PS : If you need an external expert to design your product, just ring us !

    Friendly,
     
  4. Hawker

    Hawker Guest

    Well to answer your questions.
    I may need about 200 of these so modifying a CB is not practical.
    The ISM band is 40.660-40.70MHz so it would be nice if I could select
    anything in that range with say, 5Khz steps. It may be possible we want
    to jitter the frequency for reasons I can't go into here. Modulation is
    not really important. The device just needs to know a carrier is there.
    We may want to modulate something (FM probably) just so we can lock onto
    that and know we are not getting other interference. What we are
    interested in is variance in signal strength in the receiver based on
    carrier level, not any actual information. So I need both a transmitter
    and receiver solution.

    I realize we will probably hire an RF person to do this, but I want to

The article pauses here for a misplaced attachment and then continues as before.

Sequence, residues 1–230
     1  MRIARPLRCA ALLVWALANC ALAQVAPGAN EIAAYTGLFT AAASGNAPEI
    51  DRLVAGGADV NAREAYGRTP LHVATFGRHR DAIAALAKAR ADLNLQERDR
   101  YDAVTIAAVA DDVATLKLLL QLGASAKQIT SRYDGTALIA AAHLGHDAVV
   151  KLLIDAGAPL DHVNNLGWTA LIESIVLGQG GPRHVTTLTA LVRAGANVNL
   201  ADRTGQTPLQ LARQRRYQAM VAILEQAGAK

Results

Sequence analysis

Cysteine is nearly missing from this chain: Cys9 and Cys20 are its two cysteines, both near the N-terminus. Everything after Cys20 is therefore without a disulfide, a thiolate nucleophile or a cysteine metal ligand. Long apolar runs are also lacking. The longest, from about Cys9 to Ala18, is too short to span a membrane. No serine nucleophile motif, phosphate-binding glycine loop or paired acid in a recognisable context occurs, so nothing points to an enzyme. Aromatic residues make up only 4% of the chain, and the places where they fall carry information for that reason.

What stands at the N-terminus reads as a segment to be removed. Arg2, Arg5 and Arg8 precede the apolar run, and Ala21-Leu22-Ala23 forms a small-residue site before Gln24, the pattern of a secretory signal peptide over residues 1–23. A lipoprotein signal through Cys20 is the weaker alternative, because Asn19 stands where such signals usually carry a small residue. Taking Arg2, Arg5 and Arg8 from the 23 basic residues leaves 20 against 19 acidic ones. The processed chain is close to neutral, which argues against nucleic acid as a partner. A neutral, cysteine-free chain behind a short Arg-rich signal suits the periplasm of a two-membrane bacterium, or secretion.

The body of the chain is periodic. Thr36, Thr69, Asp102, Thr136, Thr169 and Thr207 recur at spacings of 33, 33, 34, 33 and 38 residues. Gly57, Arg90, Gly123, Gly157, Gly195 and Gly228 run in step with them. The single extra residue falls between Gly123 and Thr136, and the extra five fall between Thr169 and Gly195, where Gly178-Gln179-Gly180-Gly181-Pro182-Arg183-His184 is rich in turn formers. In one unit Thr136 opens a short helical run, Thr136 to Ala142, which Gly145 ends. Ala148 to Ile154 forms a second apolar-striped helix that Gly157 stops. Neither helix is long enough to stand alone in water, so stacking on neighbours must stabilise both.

get an idea what our options are in parts first.

    am I any clearer?
     
  5. colin

    colin Guest

    Theres quite a lot of chips with PLL and some with VCO as well,
    depends if you want one that has both integrated or not,
    there are some PLL that have much higher frequency,
    ie 1ghz but these things are also able to work with a reference frequency of
    up to 100mhz,
    therefore you could provide it with a reference frequency of 1ghz from a
    frequency multiplied XCO into the vco port
    and put a LC vco into thhe ref port. would give you a good resolution.

    Colin =^.^=
     
  6. Hawker

    Hawker Guest


    thanx, That is very helpful. I don't really have a grasp on the number
    of bits I need though. It seems like if it is two few I would get to
    many harmonics on the output, but perhaps not.
    I also need to figure out the receiver.

    I also appreciate your offer for help. Unfortunately my client insists
    that all contracts and supplier and US so he can say "designed and build
    in the US". I do digital design for this client and he wanted me to do
    this project. I told him I was not an RF engineer but he seems to want
    us to do the work anyway. I'm trying to act more as a project manager